8 Answers

  1. The problem is not in the humanities. The problem is the definition of “science”. There are no objective definitions of words given above. Science is what we have agreed to call science. And you just took a certain definition and assigned it to the correct one. Hence your question.

    But you can define science in such a way that even physics cannot be called a science. Or so that only physics will be possible. The question is, why do we need such a definition, what is the use of it? Definition is a tool.

    That is, the question of what is considered science is inseparable from the question of what will be the consequences of attributing any activity to science. This is how we should raise the question of whether we should allocate budget money to philologists. Should we teach philologists at universities? And “should we consider philology a science” is a deeply secondary question, the answer to which largely depends on the previous two. That is, depending on the task, the term “science” will cover a lot or a little. If “science” is what we allocate money for, then philology and philosophy are sciences.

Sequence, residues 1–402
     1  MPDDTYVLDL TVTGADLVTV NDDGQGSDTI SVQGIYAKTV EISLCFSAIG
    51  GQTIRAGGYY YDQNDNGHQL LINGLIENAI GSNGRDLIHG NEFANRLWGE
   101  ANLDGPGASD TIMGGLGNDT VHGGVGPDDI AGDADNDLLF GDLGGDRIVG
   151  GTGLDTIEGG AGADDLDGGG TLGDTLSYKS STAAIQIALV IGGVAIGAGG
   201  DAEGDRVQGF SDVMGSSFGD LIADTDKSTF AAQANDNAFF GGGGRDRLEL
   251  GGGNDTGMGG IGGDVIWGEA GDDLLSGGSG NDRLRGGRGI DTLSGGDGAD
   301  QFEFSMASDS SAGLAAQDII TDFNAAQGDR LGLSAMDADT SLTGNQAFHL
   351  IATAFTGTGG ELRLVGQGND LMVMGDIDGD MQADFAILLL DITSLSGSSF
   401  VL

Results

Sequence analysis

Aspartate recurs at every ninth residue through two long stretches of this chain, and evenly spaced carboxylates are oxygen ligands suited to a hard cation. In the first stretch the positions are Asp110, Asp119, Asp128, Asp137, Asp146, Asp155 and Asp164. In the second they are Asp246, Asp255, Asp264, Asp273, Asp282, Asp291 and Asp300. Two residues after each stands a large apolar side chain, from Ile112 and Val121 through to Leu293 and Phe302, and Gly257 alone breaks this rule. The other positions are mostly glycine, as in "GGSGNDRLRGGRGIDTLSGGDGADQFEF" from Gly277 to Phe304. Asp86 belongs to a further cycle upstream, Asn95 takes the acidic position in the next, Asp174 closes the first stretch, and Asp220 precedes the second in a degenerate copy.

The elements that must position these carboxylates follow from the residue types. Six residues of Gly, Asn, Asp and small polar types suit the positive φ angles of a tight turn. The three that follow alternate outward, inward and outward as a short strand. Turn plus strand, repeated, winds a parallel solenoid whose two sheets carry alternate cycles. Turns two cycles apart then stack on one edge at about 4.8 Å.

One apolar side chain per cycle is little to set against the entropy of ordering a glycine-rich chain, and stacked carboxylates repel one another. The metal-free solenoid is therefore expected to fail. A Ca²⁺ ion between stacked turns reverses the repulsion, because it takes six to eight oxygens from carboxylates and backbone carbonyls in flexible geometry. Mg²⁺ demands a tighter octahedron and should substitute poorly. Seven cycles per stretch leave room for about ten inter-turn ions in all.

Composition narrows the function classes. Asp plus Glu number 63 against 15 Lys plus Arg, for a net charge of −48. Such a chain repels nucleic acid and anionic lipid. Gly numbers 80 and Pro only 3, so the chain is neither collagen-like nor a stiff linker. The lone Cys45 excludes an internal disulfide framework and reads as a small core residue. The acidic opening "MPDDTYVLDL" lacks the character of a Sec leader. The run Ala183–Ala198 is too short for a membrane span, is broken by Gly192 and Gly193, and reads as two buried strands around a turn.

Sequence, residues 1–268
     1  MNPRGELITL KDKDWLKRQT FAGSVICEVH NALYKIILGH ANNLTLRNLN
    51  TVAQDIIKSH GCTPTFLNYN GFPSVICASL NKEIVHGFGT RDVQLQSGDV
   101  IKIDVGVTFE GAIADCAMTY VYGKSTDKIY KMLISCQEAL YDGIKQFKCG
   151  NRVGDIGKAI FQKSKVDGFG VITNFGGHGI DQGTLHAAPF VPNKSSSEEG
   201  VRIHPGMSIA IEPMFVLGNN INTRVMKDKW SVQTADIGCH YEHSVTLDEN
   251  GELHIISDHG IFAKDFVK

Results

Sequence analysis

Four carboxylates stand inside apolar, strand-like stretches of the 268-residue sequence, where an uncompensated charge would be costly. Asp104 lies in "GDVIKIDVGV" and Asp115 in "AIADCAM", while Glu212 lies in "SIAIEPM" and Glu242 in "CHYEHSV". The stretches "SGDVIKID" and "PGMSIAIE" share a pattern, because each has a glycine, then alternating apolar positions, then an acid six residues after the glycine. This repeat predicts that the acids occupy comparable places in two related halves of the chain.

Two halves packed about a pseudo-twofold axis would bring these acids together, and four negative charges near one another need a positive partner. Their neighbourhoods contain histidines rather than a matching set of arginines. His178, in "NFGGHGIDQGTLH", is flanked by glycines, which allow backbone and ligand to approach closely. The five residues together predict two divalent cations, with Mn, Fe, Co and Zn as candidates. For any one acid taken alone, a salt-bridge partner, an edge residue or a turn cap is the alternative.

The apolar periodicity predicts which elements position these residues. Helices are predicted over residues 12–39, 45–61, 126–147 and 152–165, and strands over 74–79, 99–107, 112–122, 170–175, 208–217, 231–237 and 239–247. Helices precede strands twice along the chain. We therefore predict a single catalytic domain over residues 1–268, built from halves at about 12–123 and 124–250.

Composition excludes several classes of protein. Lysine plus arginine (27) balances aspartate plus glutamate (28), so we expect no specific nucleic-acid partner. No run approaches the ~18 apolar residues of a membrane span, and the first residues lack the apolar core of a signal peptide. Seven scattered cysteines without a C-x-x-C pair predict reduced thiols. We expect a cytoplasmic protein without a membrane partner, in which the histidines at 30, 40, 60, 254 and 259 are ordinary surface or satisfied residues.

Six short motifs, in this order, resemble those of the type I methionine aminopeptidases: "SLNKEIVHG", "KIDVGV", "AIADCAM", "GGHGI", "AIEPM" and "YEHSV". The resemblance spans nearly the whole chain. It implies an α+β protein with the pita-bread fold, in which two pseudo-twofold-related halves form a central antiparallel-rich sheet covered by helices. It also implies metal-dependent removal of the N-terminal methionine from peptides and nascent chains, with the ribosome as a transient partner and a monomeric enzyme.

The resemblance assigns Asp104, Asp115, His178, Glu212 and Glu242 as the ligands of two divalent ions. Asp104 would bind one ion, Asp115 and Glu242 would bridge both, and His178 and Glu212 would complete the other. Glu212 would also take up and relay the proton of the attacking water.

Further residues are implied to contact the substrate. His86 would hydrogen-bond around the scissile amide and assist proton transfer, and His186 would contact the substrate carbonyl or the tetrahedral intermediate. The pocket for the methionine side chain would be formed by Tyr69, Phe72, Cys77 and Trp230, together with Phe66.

Let's go back to your definition. It is, in my opinion, extremely unfortunate, because the word “objective” is bad. Either it is defined precisely and then we lose all ability to understand what is objective and what is not, or it is easy to define it, but the word itself becomes blurred. You yourself suggest going from the opposite, defining “subjective” as “where emotions determine the outcome.” Wasn't it emotions that determined the outcome of the helio – and geocentrism debate? Isn't it emotions that determine the outcome of the argument between string theorists and opponents? And what now, to expunge these disputes from physics?